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They Don't Make Homo Sapiens Like They Used To: (A Commentary on a Scientific Article)

Updated on December 10, 2015
wingedcentaur profile image

The first step is to know what you do not know. The second step is to ask the right questions. I reserve the right to lean on my ignorance.


Page One online

Today I want to take a look at an article from the March 2009 edition of Discover magazine: "They Don't Make Homo Sapiens Like They Used To" by Kathleen McAuliffe. The little caption beneath the title reads: "Our species---and individual races---have recently made big evolutionary changes to adjust to new pressures."

Now I have to say that I was left scratching my head, wondering what to make of this article. The piece has a curious tone of crisis about it; it seems to ring an alarm. But it is neither clear about exactly what the nature of the alarm is, nor what we should do about it.

First of all, let me just inform you that you can, of course, read the article online if you like (1).

The first two paragraphs deal with the idea that human evolution is complete. The proper dramatic tension is developed, so as to prepare us for the big twist---No It Is Not! Let's quote from the end of the second paragraph as well as the third.

End of the second paragraph:

"Over the past 10,000 years, their data [researchers] show, human evolution has occurred a hundred times more quickly than in any other period in our species' history."

Third paragraph:

"The new genetic adaptations, some 2,000 in total, are not limited to the well-recognized differences among ethnic groups in superficial traits such as skin and eye color. The mutations relate to the brain, the digestive system, life span, immunity to pathogens, sperm production, and bones---in short, virtually every aspect of our functioning."

Here comes the first bell toll of emergency.

Fourth paragraph

"Many of these DNA variants are unique to their continent of origin, with provocative implications. 'It is likely that human races are evolving away from each other,' says University of Utah anthropologist Henry Harpending, who coauthored a major paper on recent human evolution. 'We are getting less alike, not merging into a single mixed humanity.'"

Oh-Oh Spaghetti-os! Its as if Dr. Harpending was saying that "we,"---if we can even use that term anymore---are developing into separate humanities. This is indeed cause for concern, but not for the reason the good doctor imagines.

Now, the rest of this page (online) is puzzling. The article invokes one Dr. John Hawks of the University of Wisconsin at Madison. He's an anthropologist we find rummaging around with some skeletal samples. Then a very strange thing happens...

Seventh paragraph:

"Gesturing toward these relics , which span the past 35,000 years, Hawks says, 'You don't have to look hard to see that teeth are getting smaller, skull size is shrinking, stature is getting smaller.'"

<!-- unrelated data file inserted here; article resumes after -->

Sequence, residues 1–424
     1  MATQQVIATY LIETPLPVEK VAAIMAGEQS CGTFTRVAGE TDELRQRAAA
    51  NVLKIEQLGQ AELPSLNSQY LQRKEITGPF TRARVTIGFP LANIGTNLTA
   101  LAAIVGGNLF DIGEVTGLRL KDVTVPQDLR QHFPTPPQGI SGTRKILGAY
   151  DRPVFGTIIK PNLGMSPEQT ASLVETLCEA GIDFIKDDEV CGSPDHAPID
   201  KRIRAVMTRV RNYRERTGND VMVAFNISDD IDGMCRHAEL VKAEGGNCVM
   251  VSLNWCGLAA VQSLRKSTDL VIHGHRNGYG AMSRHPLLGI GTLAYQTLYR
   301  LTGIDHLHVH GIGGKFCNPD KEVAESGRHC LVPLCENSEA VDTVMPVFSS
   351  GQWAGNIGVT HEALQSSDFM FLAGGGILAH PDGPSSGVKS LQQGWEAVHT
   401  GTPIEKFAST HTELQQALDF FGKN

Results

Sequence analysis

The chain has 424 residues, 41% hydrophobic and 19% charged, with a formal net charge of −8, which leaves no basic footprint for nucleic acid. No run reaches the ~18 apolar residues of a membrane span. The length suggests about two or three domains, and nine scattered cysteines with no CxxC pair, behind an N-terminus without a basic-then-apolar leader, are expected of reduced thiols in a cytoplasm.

Okay, so far I don't have a problem with the idea that the human form may have been undergoing modification or adaptation even thirty-five thousand years ago. The next paragraph admits this but with a caveat.

Eighth paragraph

"These overriding trends are similar in many parts of the world, but other changes, especially over the past 10,000 years, are distinct to specific ethnic groups. 'These variations are well known to forensic anthropologists,' Hawks says as he points them out: In Europeans the cheekbones slant backward, the eye sockets are shaped like aviator glasses, and the nose bridge is high. Asians have cheekbones facing more forward, very round orbits, and a very low nose bridge. Australians have thicker skulls and the biggest teeth, on average, of any population today. 'It beats me how leading biologists could look at the fossil record and conclude that human evolution came to a standstill 50,000 years ago,' Hawks says."

Hold the phone!

1. On the one hand, we are told that the human form underwent modification, let's call it, as recently as thirty-five thousand years ago. The human form got smaller over this time.

2. Then we are told that this modification continued on as recently as ten thousand years ago. Okay, so far so good.

3. Then we are told that this ten thousand year period has resulted in ethnic differences among Europeans, Asians, and Australians.

4. What is meant by this: ("Australians have thicker skulls and the biggest teeth, on average, of any population today.")?

A. What is that bit about Australians supposed to signify?

B. Are we supposed to understand that since Australians have thicker skulls and the biggest teeth, "on average," that, perhaps Australians "on average" are closer to the more primitive human form of 35,000 years ago? If the article is really saying that, then what? What does it want us to conclude from that? I'll just leave it as a question.

C. What is meant by "on average"? Are we speaking mathematically, as in the way averages are derived from adding up a bunch of numbers and then dividing the answer by the number of numbers added up? Are we talking about some kind of representative, 'average Australian,' whatever that is?


Page Two online

Now beware, dear readers! This article does something very tricky by invoking the socially dreaded word of fitness. Yes, as in survival of the fittest! Be very careful!


First paragraph (second page)

"Thanks to stunning advances in sequencing and deciphering DNA in recent years, scientists had begun uncovering, one by one, genes that boost evolutionary fitness. These variants, which emerged after the Stone Age, seemed to help populations better combat infectious organisms, survive frigid temperatures, or otherwise adapt to local conditions. And they were popping up with surprising frequency."

Okay. Well, that doesn't sound so bad, does it, when you put 'evolutionary fitness' that way, in talking about increased survivability of the cold and germs and such?

But wait, there's more.

Third paragraph

One day the aforementioned Dr. John Hawks was talking on the phone to his old post doctoral advisor at the University of Utah.